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  • Author: Ahmed Abd Rabou
  • Publication Date: 10-2017
  • Content Type: Research Paper
  • Institution: Arab Reform Initiative (ARI)
  • Abstract: This book focuses on Civil-Military Relations (CMR) in Egypt, a country that witnessed uprisings calling for democratic change in January 2011, which led to the ousting of Hosni Mubarak from the Presidency, the suspension of the constitution, and the dissolution of the parliament as well as the ruling of the National Democratic Party (NDP). Ironically, revolutionary forces in Egypt were dependent on the Egyptian military in taking these steps, with the military ultimately taking power some 30 months later.
  • Topic: Civil Society
  • Political Geography: Middle East
  • Author: Maher Akhttiar
  • Publication Date: 04-2016
  • Content Type: Research Paper
  • Institution: Arab Reform Initiative (ARI)
  • Abstract: Until recently, people with disabilities in the Arab world have lived largely in the shadows, a silent sector lacking the opportunity to express their demands or discuss their needs. There are no medical, social, economic, legal, or political mechanisms in the region for discussing how disability is defined, or effectively explaining who disabled individuals are; this ambiguity in standards, which allows people to be divided into healthy and unhealthy categories, act as a mechanism of veiled oppression.
  • Topic: Social Movement
  • Political Geography: Middle East
  • Author: Nael Georges
  • Publication Date: 03-2016
  • Content Type: Research Paper
  • Institution: Arab Reform Initiative (ARI)
  • Abstract: This paper presents the key ideas from a new book of the same name forthcoming soon from Dar el Machreq. This book was made possible by support from the Arab Reform Initiative’s Arab Research Support Program.
  • Topic: International Relations, Citizenship
  • Political Geography: Middle East
  • Author: Mathilde Dugit-Gros
  • Publication Date: 09-2015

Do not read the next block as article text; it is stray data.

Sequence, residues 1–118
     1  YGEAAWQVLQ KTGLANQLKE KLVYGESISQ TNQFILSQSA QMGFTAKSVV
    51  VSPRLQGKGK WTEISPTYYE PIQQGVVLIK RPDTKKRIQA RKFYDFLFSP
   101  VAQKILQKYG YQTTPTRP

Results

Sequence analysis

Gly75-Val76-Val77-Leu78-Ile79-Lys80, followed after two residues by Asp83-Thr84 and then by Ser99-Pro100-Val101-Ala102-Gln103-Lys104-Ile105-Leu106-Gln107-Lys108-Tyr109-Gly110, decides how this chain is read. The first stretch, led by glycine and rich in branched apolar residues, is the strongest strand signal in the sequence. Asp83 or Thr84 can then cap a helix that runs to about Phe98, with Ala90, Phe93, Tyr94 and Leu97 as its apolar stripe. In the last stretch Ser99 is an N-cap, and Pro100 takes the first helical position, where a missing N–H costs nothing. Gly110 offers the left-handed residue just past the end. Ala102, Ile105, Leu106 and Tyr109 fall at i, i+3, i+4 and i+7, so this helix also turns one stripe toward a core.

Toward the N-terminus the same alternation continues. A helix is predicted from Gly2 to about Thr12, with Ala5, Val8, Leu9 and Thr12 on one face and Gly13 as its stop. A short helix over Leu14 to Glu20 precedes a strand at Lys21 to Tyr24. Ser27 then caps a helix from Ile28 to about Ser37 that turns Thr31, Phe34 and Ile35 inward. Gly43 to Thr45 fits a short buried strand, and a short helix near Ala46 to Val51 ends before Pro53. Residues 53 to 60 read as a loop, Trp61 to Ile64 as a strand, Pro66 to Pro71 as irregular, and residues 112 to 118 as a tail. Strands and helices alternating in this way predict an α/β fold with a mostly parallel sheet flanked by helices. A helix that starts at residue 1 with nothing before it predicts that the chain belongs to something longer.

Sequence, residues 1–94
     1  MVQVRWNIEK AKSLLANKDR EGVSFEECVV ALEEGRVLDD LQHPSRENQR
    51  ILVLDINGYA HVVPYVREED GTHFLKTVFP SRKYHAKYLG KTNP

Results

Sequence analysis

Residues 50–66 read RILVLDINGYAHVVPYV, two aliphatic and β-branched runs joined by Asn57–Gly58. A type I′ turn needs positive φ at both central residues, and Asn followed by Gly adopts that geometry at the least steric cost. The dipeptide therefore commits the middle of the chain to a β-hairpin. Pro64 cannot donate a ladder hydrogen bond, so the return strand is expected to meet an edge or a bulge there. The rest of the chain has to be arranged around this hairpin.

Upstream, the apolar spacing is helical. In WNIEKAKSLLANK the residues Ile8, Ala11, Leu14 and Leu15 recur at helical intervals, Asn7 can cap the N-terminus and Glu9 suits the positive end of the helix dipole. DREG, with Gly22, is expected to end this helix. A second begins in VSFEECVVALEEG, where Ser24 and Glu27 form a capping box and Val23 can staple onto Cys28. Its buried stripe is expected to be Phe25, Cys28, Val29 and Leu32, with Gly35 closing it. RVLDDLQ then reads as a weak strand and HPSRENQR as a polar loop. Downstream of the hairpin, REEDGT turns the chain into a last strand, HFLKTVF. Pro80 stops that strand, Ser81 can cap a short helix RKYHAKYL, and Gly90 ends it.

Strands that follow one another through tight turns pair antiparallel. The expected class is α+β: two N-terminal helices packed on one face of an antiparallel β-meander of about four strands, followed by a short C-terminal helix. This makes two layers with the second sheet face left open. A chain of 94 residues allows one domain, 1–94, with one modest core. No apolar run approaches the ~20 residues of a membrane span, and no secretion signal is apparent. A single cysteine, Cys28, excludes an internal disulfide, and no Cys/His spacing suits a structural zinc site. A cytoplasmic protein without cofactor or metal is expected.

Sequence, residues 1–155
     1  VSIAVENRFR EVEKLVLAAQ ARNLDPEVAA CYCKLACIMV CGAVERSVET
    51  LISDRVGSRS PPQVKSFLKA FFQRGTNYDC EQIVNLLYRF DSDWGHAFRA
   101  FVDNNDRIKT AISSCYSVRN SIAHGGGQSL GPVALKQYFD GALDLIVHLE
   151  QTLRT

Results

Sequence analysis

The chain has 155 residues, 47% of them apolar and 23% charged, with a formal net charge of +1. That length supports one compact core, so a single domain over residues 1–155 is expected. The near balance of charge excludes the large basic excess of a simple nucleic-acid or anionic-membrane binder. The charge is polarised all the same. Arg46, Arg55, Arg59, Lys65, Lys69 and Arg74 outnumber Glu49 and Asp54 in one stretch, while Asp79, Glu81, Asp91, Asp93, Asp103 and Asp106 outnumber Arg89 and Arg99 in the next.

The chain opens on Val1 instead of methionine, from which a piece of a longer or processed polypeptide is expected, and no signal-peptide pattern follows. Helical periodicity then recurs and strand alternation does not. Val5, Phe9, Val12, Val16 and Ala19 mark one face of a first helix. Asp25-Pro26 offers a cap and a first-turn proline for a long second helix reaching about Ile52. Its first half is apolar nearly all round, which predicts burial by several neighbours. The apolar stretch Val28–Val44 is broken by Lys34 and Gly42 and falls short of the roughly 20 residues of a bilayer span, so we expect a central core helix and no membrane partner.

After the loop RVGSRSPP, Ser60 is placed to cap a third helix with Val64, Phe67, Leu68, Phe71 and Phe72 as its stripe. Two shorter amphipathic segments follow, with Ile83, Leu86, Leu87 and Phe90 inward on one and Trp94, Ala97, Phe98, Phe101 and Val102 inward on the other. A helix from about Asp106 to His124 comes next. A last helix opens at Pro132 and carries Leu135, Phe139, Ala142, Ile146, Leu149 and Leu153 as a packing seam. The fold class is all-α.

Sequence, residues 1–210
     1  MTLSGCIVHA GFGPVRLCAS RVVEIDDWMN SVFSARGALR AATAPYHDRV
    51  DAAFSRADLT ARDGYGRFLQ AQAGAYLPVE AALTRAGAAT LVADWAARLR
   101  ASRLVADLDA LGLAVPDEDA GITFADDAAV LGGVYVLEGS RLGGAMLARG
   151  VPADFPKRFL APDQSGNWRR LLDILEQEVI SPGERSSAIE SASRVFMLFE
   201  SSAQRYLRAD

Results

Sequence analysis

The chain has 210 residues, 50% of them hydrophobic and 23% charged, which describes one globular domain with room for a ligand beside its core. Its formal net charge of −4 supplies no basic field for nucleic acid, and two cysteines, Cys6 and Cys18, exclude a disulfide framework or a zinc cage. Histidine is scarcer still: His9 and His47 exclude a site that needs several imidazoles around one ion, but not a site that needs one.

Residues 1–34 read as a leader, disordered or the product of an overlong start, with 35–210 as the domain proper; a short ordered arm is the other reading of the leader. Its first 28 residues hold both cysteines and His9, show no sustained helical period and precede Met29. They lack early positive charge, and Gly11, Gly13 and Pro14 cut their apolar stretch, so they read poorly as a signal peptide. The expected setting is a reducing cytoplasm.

• Content Type: Research Paper
  • Institution: Arab Reform Initiative (ARI)
  • Abstract: Has Western involvement in the Arab Spring generated more scepticism in North Africa and the Middle East about foreign influence? This study compares public opinion about foreign influence across five MENA countries: Iraq, Libya, Egypt, Yemen, and Tunisia. Using data sets from the second and third waves of the Arab Barometer, the study compares the periods pre- and post-2011.
  • Topic: International Relations, International Affairs
  • Political Geography: Middle East
  • Author: Sherif Mohy El Deen
  • Publication Date: 07-2014
  • Content Type: Research Paper
  • Institution: Arab Reform Initiative (ARI)
  • Abstract: These two papers are the result of field investigations into the bloody events that have erupted in the region of Kerdasa on the outskirts of Cairo and in the Sinai peninsula in late 2013. The papers observe the mechanisms by which the Egyptian security forces are dealing with the protests of the citizens there, and shed light on their continuing activities and psychological repression more than two years after the outbreak of the revolution. This repression continues despite talk of the need to change the security institutions and the essential challenge of changing the relationship between the state and its citizens to allow for the construction of a democratic foundation.
  • Topic: International Affairs
  • Political Geography: Middle East
  • Author: Heba Abou Shnief
  • Publication Date: 08-2014
  • Content Type: Research Paper
  • Institution: Arab Reform Initiative (ARI)
  • Abstract: While the Arab awakening has impacted the political economies of Arab states differently, the message that state-business relations can no longer afford to rely on pre-existing models of business advocacy has reverberated across the region. Rent-seeking, cronyism, patronage, and state capture have long been―to varying degrees—all features of state-business relations in the Arab world. In post-uprising countries, the rise and fall of regimes, the adoption of new constitutions, the holding of theoretically more open legislative elections, the emergence new interest groups and a more scrutinizing public are all dynamics that are likely to influence the mechanics of policymaking, and with it, legacy systems of private sector advocacy. While it is still too early to ascertain with certainty precisely how older business advocacy models might evolve to adapt to new realities, or how soon such adaptations might occur, the dynamics have already changed—particularly with regards to ‘state capture’—where challenges to pre-existing networks have paralleled challenges to incumbent regimes. Combining a desk study with extensive field interviews with key persons from the business sector, government and civil society in both Egypt and Tunisia, the research makes a preliminary examination of the initial attempts at policy advocacy by business interest groups during the transitions. In doing so, a deeper understanding of how those dynamics seem to have changed thus far, as well as an initial assessment of whether or not state capture has, perhaps, come to an end in any of the countries studied is made. Finally, a brief set of policy recommendations are presented on ways and means of improving advocacy processes so that national business interests might be better reflected in the economic policymaking calculus.
  • Topic: International Political Economy
  • Political Geography: Middle East